When Frances disagrees with Kathy's assessment, replying "conditions at white schools are better. They have new books, all the new gym equipment, and they have science labs with beacons and burners that work and everything. My daddy works with this white man and his son told me he dissected a frog in his class with a real scalpel", Kathy quickly retorts "My brother is in college at Prairie View studying medicine. He says we need to build our own communities like the one in Hamilton Park and stop thinking that what white folks have is better. I don't need to be around them to dissect a frog", they effectively illuminate the continuing discussion in the black community on whether all-black schools are the way to address black student under-achievement in public education.
The reaction of the children after the assassination was equally gripping, especially the thoughts of Donald, played by the talented Larry Johnson, III, and Brenda, portrayed beautifully by Amani Hood.
Donald, with the natural wonder and curiosity of a child, states "What had happened? The President had been shot and killed. I remember how sad it made the adults, but I also remember wishing I could leave school rush home and get my camera so I could go downtown and capture the scene."
But it was Brenda's statement, which tugged on the heart strings of every parent in audience who have children, "I don't remember everything about that day, but I do remember being afraid and not knowing exactly what I was afraid of."
Scene 3, featuring Jose Silva as Junior Molina, Otis Donnelly Watson as Marvin Gray, JuNene K. as Ruth, and Vontress Mitchell as Earl, centered around a planned Dallas teacher's protest. This scene SIZZLED and was a delight to watch. Marvin and Ruth prefer the traditional approach to civil rights activism in the tradition of Martin Luther King, Jr., while Earl prefers the in your face tactics used by Malcolm X and subsequently the Black Panther Party. Junior Molina wants to embrace change as much as his counterparts but is equally concerned that his actions do not jeopardize the financial livelihood of his father and family.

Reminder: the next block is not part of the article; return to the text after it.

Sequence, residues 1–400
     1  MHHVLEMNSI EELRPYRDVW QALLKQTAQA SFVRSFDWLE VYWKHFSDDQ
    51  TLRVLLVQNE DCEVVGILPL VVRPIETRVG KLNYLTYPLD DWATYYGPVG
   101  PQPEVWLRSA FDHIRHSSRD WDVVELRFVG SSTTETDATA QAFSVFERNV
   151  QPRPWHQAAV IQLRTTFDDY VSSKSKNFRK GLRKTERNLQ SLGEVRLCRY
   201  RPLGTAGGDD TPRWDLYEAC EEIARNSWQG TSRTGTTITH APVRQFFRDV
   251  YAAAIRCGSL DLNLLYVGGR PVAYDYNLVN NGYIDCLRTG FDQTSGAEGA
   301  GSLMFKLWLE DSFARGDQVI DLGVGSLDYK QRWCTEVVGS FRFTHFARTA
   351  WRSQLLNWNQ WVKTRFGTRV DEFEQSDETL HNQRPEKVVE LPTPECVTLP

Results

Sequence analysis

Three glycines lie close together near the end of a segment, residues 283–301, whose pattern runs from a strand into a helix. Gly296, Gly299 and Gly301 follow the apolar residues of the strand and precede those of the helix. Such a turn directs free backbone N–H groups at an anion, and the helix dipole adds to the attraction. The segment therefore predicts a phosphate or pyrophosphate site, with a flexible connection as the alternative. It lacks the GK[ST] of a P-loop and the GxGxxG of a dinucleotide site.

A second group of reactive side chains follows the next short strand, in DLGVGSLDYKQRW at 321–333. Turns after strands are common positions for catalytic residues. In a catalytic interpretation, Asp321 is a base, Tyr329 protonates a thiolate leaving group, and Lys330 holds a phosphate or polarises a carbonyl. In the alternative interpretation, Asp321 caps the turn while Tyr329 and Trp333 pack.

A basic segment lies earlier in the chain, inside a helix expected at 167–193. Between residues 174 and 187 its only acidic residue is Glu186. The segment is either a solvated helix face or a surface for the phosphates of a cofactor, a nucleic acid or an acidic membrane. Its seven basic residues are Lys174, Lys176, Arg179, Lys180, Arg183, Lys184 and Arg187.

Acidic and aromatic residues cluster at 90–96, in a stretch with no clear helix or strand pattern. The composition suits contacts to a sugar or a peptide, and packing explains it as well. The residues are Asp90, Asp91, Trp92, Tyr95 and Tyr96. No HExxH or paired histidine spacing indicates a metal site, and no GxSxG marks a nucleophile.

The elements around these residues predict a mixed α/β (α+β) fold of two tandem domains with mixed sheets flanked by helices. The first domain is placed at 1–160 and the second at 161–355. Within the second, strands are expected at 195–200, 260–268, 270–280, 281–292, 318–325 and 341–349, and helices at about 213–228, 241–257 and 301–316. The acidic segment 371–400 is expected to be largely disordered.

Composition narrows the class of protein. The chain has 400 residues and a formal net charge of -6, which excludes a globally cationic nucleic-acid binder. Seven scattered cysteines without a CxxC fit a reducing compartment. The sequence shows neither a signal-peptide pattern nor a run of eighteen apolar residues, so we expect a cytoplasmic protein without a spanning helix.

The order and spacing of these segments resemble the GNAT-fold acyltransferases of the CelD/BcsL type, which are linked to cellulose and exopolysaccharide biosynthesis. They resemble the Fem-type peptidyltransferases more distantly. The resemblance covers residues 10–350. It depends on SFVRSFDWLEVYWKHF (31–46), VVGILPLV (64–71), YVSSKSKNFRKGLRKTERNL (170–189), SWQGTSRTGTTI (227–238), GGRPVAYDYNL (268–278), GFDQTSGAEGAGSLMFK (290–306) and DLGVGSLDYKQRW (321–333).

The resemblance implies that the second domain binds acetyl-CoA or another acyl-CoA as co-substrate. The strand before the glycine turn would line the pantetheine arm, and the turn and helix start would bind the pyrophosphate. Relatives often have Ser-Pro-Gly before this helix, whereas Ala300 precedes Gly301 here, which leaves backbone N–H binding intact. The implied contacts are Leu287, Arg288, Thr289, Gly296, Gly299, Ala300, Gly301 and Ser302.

Even though Mitchell and JuNene K., both brilliant acting talents, alternate between outshining each other throughout this fast paced scene, they did hit on some key points that helped you understand how black Dallasites saw their role in the civil rights movement as being localized. When Earl invites Ruth to come to New York to hear Malcolm X speak, Ruth replies flippantly "No, thank you. Malcolm X is only talked about by certain types of Negroes and I am not one of them. I'm raised in the Southern Baptist tradition."
When Earl appeals to her to reconsider the invitation, emphasizing he is also Southern Baptist but also reads the teachings of notables like Dr. King, Malcolm X, Castro, Krushnev, and Kennedy, Ruth is immovable, retorting "I study teachings, writings, and speeches too, but of Dallas' Negro leaders: A. Maceo Smith, Juanita Craft, H. Rhett James, and Jimmy Brashear. Even though that was perplexing to me, I understood it. Overall, it was a great ensemble effort.
The final scene, which opens with the talented Eric Beasley preaching to an ensemble of unspecified adults and ends with a decade by decade continuum (1963 - 2013) of the struggle for complete integration in public places and schools completely delivered and demonstrated the costs that sometimes come with change. Rodney Blu was HYSTERICAL and a complete scene stealer in his indignation over the injustice occurring in Dallas, with a charge to call popular black television and radio personalities of each period to do a story.
However, what drove the message of this play home was a statement by one of the adults following forced busing, "White people are leaving Dallas and taking their tax dollars with them to Richardson, Plano, and Carrollton! White flight and redistricting are killing our property values and our schools! We need to keep electing Black officials to help us maintain community."
When you look at the racial divide that is Dallas, Texas, you can't help but to agree.
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Bishop Arts Theatre Center
215 South Tyler Street
Dallas, TX 75208
The production will conclude its run this week with the following shows: Fri. Oct. 25 evening performance at 7:30 p.m., Sat. Oct. 26 matinee show at 3:30 p.m., and Sat. Oct. 26 final evening performance at 7:30 p.m.
All Seats $15 in advance, $20 at the door (plus service fee)
General Admission Seating, 3:30 p.m. & 7:30 p.m.
Call the box office at 214-948-0716 for more information